they all hurried toward the exit. I let the guy with the
prosthetic leg go in front of me. I was afraid I’d knock him
over. Despite the fact that the prosthetic seemed to be
shorter than his real leg, he was extremely quick. Maybe he
was one of those guys who trained for the Paralympics. His
name was Richard, though there was utterly no reason for
me to have remembered it.
I bumped into the doughy creature in the doorway. He felt
like a jellyfish. It would definitely have interested me to
know what sort of disability he had. It hadn’t come up.
Actually, other than each of us giving our first names,
nothing had really come up because the nervous queer had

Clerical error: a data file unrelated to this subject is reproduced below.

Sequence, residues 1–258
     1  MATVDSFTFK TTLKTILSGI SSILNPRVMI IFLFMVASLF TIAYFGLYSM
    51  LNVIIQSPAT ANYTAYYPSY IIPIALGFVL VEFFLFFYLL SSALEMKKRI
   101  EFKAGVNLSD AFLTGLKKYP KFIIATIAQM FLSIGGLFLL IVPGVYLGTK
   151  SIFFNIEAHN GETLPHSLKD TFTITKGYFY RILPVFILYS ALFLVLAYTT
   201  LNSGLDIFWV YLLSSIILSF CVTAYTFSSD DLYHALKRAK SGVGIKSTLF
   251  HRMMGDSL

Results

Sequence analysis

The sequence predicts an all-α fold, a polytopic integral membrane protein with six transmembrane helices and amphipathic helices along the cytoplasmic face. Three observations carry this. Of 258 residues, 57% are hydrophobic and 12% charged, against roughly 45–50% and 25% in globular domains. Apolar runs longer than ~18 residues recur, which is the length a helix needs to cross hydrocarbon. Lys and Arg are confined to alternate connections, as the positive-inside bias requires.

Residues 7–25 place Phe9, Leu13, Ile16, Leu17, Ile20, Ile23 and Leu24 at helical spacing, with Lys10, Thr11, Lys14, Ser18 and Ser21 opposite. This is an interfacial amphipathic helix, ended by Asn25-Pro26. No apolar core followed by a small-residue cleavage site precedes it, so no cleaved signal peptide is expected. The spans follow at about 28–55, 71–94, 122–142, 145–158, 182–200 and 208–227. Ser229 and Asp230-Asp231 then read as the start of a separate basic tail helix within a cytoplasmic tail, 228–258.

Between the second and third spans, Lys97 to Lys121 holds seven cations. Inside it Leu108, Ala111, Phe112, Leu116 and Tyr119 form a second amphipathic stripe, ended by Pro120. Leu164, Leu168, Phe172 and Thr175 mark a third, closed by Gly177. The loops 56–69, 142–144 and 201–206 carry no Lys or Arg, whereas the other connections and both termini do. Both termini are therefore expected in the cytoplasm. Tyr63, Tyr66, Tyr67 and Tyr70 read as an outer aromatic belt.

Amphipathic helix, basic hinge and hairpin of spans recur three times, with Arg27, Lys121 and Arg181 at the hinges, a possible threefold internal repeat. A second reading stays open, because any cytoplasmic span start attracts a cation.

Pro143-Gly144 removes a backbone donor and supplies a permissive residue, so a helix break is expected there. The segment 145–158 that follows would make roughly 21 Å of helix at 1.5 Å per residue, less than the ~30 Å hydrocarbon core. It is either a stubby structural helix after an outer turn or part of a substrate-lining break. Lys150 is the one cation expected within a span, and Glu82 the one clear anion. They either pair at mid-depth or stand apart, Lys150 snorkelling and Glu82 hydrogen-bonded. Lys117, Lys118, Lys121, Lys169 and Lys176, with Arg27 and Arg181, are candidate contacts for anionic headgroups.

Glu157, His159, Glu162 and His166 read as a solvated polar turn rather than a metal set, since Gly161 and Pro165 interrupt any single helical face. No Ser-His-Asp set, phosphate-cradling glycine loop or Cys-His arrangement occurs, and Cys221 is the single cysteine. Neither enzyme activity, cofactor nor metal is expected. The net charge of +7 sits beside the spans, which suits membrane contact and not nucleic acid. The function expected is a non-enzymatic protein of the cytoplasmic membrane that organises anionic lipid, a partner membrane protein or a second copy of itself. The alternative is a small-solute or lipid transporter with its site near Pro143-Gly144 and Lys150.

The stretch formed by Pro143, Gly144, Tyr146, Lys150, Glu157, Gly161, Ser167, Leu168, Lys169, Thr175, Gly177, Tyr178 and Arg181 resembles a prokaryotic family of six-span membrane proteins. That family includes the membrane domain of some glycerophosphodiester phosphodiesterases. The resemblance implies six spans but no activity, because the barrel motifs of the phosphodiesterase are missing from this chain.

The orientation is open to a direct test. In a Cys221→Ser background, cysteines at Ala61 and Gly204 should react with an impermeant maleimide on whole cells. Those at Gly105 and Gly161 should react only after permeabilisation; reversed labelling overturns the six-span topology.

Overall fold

spent the rest of the hour crying and trembling. In the end
he’d gone and sat in the corner sobbing.
“I’m a psycho, don’t pay any attention to me,” he’d said.
The rest of us watched silently as the guru pranced around
him with a packet of tissues, a glass of water, and a dropper
bottle of Bach’s Rescue Remedy. It was the first time I saw
something like uncertainty on the guru’s face. Now you
know what it’s like, I thought to myself with mean-spirited
glee— maybe you should have trained to become a yoga
instructor instead, or learned to lead shamanic journeys or
The doughboy had fully intact face, arms, and legs, and he
could see, hear, and talk. His name was Friedrich.